As predicted by security researchers, 2014 is really turning out to be the year for new forms of ransomware attacks.
Ransomware is a form of malware that takes over your system and restricts access to your files and folders until you pay the ransom amount to the malware author. Without the knowledge of the victim, the malware slowly manages to encrypt all the files, folders and documents present on the victim’s machine. Your system will not show any sign of infection, as it will take hours to encrypt all the files and folders.
Once all your files and folders are encrypted, a message with a timer will pop up on your computer screen asking you to pay a ransom amount or to lose access to your important files forever.
Last year, a ransomware perpetuator named “Cryptolocker” managed to infect nearly 250,000 computers, stealing millions of dollars. Cryptolocker was very successful, as it was extremely difficult to detect. After the success of Cryptolocker, the developers of this malware came up with new and improved versions, like CryptoDefense and Cryptowall. Cryptodefense appeared this March, and is a slightly more improved version of Cryptolocker. It uses RSA 2048 encryption on the victim’s computer files until he pays a ransom amount to get them decrypted.
The only issue with this version was that the decryption keys were concealed in the files or folders of victim’s computer. Although it is difficult for the victim to find a way to work around and get to the decryption keys, it’s still possible. To remove that 1% chance, the developers came up with a new form of malware called Cryptowall. With Cryptowall it is almost impossible for the victim to decrypt the encrypted files and folders. Cisco revealed this highly complex and effective ransomware, which was successful in infecting a large number of computers. Cryptowall basically uses malicious advertisements on well-known domains, like Disney, Facebook, and The Gurdian, to encrypt computer files until a ransom is paid.
Cisco uses a security tool called Cloud Web Security that monitors their customer’s web surfing and sends a report if they end up accessing malicious websites. The security team at Cisco noticed that CWS was blocking requests to 90 domains. After doing some more research, they discovered that the CWS users were viewing advertisements on the domains such as “apps.facebook.com,” “awkwardfamilyphotos.com,” “theguardian.co.uk” and “go.com.” By clicking on advertisements with these domains, the users were redirected to one of the 90 malicious websites. Once the user lands at one of these websites, an exploit kit called RIG is inserted in his system. The RIG exploit kit was first discovered by Kahu security. This kit checks for systems using an unpatched version of Java, Flash, and Silverlight multimedia. It immediately exploits the systems that are not patched. Then, the Cryptowall ransomware program is installed, encrypting victims files and folders until they pay a ransom amount. As mentioned earlier, the decryption keys are almost impossible to access; the only option left for the victim is to pay the ransom amount.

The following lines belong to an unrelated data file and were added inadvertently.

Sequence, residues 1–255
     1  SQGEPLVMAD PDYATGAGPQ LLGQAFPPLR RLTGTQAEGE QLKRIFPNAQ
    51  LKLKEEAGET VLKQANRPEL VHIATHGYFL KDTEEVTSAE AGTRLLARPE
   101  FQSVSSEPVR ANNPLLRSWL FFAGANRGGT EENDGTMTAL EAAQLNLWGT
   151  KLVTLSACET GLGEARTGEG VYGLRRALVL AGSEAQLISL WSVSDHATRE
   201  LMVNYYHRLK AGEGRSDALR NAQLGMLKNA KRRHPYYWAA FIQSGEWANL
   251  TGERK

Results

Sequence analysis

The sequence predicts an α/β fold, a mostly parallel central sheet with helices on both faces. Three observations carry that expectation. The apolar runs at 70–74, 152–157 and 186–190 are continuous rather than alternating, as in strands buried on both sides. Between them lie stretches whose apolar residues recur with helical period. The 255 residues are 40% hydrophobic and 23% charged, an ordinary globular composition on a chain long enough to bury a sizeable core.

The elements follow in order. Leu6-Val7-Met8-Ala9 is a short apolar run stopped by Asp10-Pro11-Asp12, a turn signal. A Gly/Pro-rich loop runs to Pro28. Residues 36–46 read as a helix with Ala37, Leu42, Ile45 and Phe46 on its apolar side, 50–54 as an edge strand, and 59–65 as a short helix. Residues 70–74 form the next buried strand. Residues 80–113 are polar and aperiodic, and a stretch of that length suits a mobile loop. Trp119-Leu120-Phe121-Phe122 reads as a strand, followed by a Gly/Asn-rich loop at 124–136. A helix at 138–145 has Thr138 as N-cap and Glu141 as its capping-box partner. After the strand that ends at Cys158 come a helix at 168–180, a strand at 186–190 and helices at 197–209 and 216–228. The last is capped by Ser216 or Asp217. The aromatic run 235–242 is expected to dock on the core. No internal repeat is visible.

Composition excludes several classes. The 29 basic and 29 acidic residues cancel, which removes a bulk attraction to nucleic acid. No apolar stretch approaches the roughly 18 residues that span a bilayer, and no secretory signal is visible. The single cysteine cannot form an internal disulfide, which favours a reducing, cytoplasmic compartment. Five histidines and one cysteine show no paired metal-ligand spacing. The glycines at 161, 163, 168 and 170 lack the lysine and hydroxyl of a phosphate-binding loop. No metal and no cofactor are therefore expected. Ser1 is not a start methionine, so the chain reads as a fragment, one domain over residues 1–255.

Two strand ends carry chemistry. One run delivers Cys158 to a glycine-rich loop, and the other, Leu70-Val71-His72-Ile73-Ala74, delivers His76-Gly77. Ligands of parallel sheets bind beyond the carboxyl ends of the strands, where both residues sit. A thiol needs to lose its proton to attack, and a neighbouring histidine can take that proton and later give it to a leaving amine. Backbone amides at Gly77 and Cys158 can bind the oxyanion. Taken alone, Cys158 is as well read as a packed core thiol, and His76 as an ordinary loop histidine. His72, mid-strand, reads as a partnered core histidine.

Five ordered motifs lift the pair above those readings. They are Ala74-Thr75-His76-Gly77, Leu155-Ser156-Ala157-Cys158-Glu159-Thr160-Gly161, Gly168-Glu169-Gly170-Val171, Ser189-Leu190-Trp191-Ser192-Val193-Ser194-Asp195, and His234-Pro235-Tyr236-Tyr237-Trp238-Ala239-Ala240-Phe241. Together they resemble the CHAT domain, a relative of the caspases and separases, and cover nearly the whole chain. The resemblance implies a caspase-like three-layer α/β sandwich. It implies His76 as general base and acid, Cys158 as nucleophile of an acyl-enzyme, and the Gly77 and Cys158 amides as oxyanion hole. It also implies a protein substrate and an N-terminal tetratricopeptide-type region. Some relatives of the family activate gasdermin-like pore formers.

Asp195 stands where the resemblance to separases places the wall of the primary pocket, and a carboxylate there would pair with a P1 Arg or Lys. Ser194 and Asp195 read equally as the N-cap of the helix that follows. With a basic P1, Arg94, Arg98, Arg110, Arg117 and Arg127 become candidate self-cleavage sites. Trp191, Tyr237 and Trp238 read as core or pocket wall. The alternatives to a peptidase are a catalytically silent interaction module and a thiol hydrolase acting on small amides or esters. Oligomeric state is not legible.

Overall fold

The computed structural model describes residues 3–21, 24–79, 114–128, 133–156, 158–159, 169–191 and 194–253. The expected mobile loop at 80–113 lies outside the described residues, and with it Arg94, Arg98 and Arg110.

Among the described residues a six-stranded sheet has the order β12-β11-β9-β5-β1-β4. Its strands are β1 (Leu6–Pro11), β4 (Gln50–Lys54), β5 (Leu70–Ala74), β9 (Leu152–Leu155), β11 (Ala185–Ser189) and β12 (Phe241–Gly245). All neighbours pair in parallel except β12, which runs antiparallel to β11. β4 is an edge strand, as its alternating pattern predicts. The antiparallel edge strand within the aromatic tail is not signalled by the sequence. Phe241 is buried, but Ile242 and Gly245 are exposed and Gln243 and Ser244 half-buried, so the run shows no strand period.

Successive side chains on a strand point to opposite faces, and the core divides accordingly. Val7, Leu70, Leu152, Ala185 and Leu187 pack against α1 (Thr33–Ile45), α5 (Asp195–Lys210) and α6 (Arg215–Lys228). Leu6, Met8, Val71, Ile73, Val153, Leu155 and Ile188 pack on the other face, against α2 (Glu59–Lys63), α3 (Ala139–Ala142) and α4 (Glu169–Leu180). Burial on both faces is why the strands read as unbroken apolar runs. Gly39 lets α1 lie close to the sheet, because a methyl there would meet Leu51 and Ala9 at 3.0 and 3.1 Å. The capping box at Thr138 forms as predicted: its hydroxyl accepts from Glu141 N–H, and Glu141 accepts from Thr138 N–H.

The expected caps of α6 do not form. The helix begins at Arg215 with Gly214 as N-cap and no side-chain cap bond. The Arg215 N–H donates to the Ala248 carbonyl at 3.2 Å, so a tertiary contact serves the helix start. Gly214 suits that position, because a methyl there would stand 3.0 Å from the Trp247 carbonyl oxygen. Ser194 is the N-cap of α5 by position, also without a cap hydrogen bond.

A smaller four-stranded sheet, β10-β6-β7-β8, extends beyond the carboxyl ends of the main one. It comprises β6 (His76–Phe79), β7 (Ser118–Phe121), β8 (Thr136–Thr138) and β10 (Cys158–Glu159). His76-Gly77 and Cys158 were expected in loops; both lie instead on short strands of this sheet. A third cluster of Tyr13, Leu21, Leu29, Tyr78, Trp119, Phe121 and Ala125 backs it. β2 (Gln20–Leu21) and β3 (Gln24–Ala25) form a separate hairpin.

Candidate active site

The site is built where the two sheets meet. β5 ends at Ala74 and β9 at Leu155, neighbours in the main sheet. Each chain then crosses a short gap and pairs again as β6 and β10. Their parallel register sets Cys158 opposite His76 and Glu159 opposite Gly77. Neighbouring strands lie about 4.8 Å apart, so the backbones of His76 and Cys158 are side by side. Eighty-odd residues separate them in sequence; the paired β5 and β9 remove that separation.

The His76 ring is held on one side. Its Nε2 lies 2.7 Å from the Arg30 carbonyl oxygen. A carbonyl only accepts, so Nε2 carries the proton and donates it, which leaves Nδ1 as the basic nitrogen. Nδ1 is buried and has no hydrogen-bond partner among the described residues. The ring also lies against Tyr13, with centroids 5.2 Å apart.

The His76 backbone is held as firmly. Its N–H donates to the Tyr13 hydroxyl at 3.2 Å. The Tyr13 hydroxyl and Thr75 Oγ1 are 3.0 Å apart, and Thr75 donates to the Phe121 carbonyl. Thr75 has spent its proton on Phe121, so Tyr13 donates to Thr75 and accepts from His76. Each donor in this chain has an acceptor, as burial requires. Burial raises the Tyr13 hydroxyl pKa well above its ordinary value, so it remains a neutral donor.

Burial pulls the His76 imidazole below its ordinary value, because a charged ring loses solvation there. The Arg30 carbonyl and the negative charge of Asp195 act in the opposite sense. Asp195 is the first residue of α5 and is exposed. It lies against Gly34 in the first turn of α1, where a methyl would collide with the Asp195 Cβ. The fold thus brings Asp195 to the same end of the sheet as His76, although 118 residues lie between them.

Another improved feature in Cryptowall is the use of TOR network. In order to pay the ransom amount to the attacker, users have to use the hidden TOR website. This makes it extremely difficult to track down the attacker. The scope of this ransomware attack looks dangerous. But the good news is we can take certain steps to protect our systems from this kind of attack:
- Use of proper judgment: As we now know, Cryptowall spreads by clicking on advertisements within well-known domains. Therefore, we need to be very careful when it comes to surfing on these websites. Users should exercise proper judgment and common sense when they come across ads on these websites. Although many advertisers take proper security precautions in order to prevent malware attacks, there are chances that one of the ads might lead you to a malicious site and hijack your system. Unless you are positively certain about the source of the ad, do not click on it. Your one click can infect your system, but this can be avoided if you are careful.
- Regular patch management: Install patches and software updates on a regular basis. Since the RIG exploits kit targets unpatched version of Java, Flash and Silverlight media, it is very important to make sure that these are up-to date.
- Regular System backup: This kind of attack indicates the importance of regular backup. If you have backed up all your files regularly, then you are no longer trapped if such a situation arises. You can access/retrieve your files from any computer, anytime. All you need to do is completely re-format or replace the hard-drive, and then download all your files from the cloud storage system. Regularly schedule your cloud backup to prevent yourself from being held hostage in such a situation.
- Use Anti-Malware or Antivirus: Last but not the least, install the latest anti-malware or antivirus application on your system. They should be constantly running in your background to ensure that no malware or virus takes over your system.
PROTECTION FROM RANSOMWARE ATTACKS WITH SPIDEROAK:
Ransomware attacks are on the rise these days. In order to ensure protection against attacks like Cryptowall, it is extremely important to back up your files and folders in a trusted cloud storage system.
SpiderOak is one of the few cloud storage systems that uses Zero Knowledge privacy and uses strong security controls to protect customer data. SpiderOak encrypts the files in your computer before uploading them to the server. As a result, only you, have access to your unencrypted data. Even SpiderOak cannot read your data because the keys used for encryption only belong to you.
Try it out for yourself: